Friday, 4 April 2014

The Girard Reader

Just finished the rather daunting project of trying to understand Rene Girard through the selection of readings in The Girard Reader. Like most deconstructionist and phenomenological writers, Girard's style makes hard work for the reader! I was very pleased to read at least these main parts of the primary source material but in the end others probably explain Girardian thought better than Girard.

The part of the anthropological story that I think is still missing is what new possibilities the death of Christ brings to human society. Most of these readings focus on the way Christ deconstructs and undermines the dynamics of mimetic rivalry and scapegoating, but there is little on what alternative is created in its place. Girard claims that there is a form of mimesis that does not rely on rivalry: that we can copy Christ who copies a God who has no need to be our rival. But I'd like to see that in more detail.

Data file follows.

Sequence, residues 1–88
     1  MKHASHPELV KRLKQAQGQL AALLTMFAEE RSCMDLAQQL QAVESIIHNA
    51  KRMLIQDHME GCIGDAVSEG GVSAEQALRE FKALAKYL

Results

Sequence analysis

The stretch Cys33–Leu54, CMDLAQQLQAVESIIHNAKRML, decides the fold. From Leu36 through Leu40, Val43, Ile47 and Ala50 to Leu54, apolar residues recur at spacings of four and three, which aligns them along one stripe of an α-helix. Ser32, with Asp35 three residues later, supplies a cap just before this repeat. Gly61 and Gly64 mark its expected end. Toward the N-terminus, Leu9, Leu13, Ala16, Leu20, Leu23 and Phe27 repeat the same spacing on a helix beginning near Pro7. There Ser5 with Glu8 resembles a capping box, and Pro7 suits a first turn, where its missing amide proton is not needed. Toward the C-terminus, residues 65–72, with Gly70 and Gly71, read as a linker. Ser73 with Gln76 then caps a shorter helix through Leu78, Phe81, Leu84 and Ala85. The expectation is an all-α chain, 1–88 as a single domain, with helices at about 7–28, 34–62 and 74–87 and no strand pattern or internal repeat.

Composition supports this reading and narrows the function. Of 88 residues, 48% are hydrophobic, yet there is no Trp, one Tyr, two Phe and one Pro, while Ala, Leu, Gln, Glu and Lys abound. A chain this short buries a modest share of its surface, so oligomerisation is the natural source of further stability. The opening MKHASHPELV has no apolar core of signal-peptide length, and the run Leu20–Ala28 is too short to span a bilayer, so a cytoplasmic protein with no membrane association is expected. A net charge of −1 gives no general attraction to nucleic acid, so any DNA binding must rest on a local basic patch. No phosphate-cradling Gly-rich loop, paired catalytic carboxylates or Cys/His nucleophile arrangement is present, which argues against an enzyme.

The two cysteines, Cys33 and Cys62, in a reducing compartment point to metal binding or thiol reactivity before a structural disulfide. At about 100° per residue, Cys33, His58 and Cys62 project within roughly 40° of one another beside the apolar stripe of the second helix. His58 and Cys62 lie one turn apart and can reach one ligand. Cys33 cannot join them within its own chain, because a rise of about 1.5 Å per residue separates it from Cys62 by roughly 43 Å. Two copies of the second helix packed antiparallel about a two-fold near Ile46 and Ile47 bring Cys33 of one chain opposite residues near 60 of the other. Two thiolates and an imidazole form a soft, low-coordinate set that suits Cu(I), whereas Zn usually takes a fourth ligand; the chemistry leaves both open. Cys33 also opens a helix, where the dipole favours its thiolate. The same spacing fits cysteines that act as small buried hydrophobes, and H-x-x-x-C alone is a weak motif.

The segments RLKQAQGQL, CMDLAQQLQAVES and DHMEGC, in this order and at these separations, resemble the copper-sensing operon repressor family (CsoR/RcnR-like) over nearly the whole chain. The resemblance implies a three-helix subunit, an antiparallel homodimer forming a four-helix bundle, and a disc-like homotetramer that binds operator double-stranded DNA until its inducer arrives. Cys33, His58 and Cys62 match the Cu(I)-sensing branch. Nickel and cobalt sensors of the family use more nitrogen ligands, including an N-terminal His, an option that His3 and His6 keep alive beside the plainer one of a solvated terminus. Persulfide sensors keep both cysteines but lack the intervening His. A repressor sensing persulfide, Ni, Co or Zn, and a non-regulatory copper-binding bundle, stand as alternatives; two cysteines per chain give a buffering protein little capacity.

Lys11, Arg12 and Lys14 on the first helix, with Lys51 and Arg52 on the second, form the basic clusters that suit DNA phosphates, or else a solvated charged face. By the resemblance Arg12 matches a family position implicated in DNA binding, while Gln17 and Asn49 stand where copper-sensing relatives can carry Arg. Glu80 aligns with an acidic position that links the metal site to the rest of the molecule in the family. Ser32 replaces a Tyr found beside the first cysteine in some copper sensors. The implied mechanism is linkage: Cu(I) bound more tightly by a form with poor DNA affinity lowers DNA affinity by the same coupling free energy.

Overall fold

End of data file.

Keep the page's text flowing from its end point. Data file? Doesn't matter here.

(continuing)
I also find a core claim of Girard's insufficiently substantiated. He claims that our understanding that the victim can be innocent comes from the cross; that it is the influence of Christianity that has allowed modern society to side with the victim. He shows how this is hinted at throughout the Old Testament, and then more fully expressed in the Gospels. But was scapegoating really universal outside this Judeo-Christian tradition? Was there no other civilisation or philosophy in which some other mechanism was used to maintain social cohesion against the force of mimetic rivalry? Was there really no prior example of victims known to be innocent?

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